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Lesson Transcript

Braden: Hi, everyone. Braden here.
Ann: Guest Interaction: Dos and Don’ts. In this lesson you will learn some things you should and shouldn’t do when you’re interacting with guests.
Braden: This conversation takes place in the afternoon on the phone.
Ann: It’s between a guest and the front desk.
Braden:The speakers have a staff-customer relationship, so they will be speaking professionally.
Ann: Let’s listen to the conversation.
Ann:Since late last century, there has been a large increase in the number of Americans with special dietary needs.
Braden:These special diets are often caused by food allergies such as a peanut or fish allergies, but they can also be by choice in the case of vegetarianism or veganism.
Ann:As the typical American diet has degenerated into processed foods and empty calories, the number and variety of digestive disorders has sky-rocketed.
Braden:Hotels and restaurants are very aware of this and often have extra menus for foods they provide which are permitted by the more common special diets.
Ann:For example, most restaurants in the USA have at least a few “gluten-free” dishes, if not an entire gluten-free menu.
Braden:Ok, let’s move on to the vocab.
Ann:Let's have a closer look at the usage for some of the words and phrases from this lesson.
Braden:the first phrase we're going to look at is “clearly labeled.”
Ann:In the dialogue, the phrase “clearly labeled” means that the food has been labeled in a clear way, or in a way that you can easily and clearly see.
Braden:The pronunciation here can be difficult. Let’s hear it one time slowly,
Ann:“clearly labeled”
Braden:and break it down by syllable
Ann:“clear-ly la-bel-ed”
Braden:The most difficult part can be the “-rly” of “clearly” followed by the “la-” of “labeled.” There are four “Ls” and an “r” mixed in between these two words.
Ann:Our tip is that the “bel” of “labeled” is spelled “b-e-l” but is pronounced “bl.”
Braden:So “LabEled” is not correct, but “Labled” is correct.
Ann:Our second phrase is “special diet.”
Braden:The phrase “special diet” refers to a diet that is different from the usual. The term “special diet” is a generic term that can be used for any diet.
Ann:That’s right. For example, a guest might have a child on the “autism diet” which is gluten-free, casein-free, and soy-free. But the guest probably doesn’t want to tell you all of those details, so they’ll just say, “special diet.”
Braden:Even if the guest tells you the type of diet they are on, you should protect their privacy and not specify the type of diet when speaking to other people, unless it is necessary. The phrase “special diet” is excellent for these situations.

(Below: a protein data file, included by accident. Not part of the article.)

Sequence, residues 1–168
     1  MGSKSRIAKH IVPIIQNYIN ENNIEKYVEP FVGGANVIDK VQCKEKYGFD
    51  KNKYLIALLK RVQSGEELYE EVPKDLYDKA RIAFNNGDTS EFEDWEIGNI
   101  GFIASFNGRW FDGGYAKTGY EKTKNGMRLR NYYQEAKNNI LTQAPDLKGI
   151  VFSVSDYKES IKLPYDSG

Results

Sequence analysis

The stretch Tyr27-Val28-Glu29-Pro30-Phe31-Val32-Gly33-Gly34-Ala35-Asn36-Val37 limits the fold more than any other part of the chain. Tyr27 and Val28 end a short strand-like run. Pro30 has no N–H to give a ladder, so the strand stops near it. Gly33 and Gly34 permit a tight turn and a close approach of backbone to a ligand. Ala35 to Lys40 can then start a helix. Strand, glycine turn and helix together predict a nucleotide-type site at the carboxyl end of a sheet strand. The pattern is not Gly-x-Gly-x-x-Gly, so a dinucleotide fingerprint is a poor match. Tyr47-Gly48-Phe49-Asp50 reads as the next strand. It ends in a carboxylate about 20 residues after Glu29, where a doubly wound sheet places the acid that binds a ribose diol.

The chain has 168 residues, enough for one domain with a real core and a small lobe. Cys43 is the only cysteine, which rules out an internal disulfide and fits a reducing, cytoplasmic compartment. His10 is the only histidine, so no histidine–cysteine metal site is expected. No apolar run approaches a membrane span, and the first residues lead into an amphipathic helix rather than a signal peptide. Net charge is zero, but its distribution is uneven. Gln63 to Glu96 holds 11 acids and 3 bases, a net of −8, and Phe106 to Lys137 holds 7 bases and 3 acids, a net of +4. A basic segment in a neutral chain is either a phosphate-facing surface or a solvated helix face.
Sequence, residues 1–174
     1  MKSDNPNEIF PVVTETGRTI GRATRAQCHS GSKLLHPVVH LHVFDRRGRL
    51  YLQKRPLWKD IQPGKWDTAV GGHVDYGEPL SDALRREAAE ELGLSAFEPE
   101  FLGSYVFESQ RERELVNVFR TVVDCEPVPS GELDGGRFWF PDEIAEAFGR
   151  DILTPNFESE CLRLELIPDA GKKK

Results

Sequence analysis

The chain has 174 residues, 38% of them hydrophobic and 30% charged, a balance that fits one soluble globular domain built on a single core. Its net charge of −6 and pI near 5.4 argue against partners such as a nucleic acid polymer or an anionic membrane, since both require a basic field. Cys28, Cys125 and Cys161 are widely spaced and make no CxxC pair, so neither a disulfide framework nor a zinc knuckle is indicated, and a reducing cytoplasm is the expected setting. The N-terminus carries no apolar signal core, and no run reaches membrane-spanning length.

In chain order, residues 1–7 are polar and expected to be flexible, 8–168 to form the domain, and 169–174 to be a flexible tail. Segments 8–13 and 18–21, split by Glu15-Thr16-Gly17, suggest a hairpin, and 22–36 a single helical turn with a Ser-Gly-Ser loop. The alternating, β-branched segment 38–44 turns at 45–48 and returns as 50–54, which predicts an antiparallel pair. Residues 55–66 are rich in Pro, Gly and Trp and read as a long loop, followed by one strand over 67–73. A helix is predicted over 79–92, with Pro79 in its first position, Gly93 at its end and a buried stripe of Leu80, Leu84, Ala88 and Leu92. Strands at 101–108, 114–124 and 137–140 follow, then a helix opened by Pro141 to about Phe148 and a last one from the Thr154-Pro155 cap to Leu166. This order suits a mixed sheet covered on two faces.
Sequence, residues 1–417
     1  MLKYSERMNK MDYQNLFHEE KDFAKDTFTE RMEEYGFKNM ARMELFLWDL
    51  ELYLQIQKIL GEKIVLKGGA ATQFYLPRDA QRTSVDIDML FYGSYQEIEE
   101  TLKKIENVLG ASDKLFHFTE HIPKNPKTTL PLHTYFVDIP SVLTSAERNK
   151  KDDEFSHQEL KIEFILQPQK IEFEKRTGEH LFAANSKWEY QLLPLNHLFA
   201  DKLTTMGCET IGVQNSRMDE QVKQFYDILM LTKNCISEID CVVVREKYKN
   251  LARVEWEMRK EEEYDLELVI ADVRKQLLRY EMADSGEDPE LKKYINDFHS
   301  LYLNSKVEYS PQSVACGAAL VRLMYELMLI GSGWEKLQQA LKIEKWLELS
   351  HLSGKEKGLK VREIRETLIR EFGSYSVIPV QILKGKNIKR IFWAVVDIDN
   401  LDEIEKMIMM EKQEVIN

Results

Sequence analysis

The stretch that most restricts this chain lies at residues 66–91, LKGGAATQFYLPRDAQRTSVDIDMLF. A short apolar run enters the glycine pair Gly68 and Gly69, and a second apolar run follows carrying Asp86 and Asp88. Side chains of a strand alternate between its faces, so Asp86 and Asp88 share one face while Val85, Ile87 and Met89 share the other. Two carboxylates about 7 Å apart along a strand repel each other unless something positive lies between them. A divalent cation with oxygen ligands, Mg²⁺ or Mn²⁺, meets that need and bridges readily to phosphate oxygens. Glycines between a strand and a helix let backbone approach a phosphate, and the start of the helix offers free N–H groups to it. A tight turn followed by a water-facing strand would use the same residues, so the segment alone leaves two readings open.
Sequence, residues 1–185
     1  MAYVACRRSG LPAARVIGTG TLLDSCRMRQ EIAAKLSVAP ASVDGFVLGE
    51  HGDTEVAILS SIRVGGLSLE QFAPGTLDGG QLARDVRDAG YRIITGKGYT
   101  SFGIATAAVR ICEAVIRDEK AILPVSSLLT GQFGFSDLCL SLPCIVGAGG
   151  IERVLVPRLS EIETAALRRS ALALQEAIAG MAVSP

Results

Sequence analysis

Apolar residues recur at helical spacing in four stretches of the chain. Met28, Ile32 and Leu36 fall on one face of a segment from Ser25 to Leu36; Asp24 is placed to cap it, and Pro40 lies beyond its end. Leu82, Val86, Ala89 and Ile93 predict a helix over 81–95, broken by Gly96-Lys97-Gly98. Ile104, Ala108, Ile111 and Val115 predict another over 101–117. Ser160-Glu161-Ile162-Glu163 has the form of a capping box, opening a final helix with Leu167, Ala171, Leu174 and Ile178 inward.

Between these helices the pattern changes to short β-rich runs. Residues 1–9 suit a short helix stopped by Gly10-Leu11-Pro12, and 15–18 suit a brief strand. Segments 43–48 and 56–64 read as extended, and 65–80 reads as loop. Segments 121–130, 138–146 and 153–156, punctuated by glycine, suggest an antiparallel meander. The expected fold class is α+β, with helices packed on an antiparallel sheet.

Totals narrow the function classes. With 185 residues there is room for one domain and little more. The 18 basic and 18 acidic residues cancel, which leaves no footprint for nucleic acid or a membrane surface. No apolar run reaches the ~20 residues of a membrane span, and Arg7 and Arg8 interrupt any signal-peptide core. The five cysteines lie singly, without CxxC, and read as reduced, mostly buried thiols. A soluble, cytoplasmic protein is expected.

Ann:Now let's take a look at the grammar.
Braden:In this lesson, you’ll learn some dos and don'ts when interacting with guests
Ann:In the dialog we hear the phrase “Yes sir.”
Braden:When interacting with guests at anytime, there are certain things you should always be aware of and remember. These are the things you should always do.
Ann:That’s right. First, Always smile. Whether greeting a guest, walking past a guest, or talking to a guest. Smile.
Braden:She’s right. No matter what hotel manual, customer service handbook, or general people skill training you see, smiling is the most practical and beneficial thing to do. We’re demonstrating it right now.
Ann:(haha) Yes we are. Second, always establish and maintain eye contact. And smile.
Braden:If a guest asks for directions to a place within the hotel, always guide them to the desired location if you can. You could just say...
Ann:“It’s just over here.”
Braden:and then walk with them.
Ann:Third, if the guest asks for directions to a place outside of the hotel, direct them to the front desk by saying something like...
Braden:“Please check at the front desk, they have maps, guides, and Internet access for your assistance.”
Ann:Fourth, whenever possible, address both guests and co-workers by name. For example, “Alex, could you help Mrs. Smith with her bags?”
Braden:That’s an important one.
Ann:Yes it is.
Braden:If you perform a special service for a guest, such as clean their room, or help them with their bags, always follow up with them personally. You could ask,
Ann:“How is the room, sir?” or “Was everything put to your satisfaction, ma’am?”
Braden:Sixth, when guests are giving you instructions or registering a complaint with you, listen carefully and write down the details if necessary.
Ann:Seventh and last of our things to always do is “In tense situations, remain calm.”
Braden:That’s very important.
Ann:Now let’s take a loot at ‘don’ts’ - the things we should never do. First, never interrupt or insult a guest. This includes things like, “Ma’am, you are completely wrong.”
Braden:Yes. Even if the guest is wrong, NEVER say that. Listen to them, and try to resolve the problem.
Ann:Second, never argue with a guest. To argue means to angrily contradict or oppose what someone else is saying. This is very rude, and should not be done by any hotelier.
Braden:Third, never discriminate against anyone for any reason. You could get fired for it.
Ann:That’s true. Fourth, never speak to a guest with an angry, hateful, or hostile tone of voice.
Braden:Fifth, never promise to do something you need permission for. Instead, say “Let me check with the manager.”
Ann:And then, if the manager says “Yes”, you may perform the service the guest requested.
Braden:You could always offer an alternative to the guest for which you don’t need permission.
Ann:That’s right. For example, you could say, “I’m sorry, but that will not be possible. However we could try...” and then insert your alternative idea.
Braden: Ok, I think that was a useful list of dos and don’ts.


Braden:That’s it for this lesson. Thanks for listening, everyone!
Ann:And we’ll see you next time!